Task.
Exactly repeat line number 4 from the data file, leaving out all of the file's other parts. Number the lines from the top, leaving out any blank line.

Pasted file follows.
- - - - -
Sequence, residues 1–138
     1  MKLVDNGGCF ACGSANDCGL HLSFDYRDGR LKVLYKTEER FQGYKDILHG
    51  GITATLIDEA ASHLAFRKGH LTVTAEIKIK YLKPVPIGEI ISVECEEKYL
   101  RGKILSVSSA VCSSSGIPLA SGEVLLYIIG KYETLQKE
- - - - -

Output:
   101  RGKILSVSSA VCSSSGIPLA SGEVLLYIIG KYETLQKE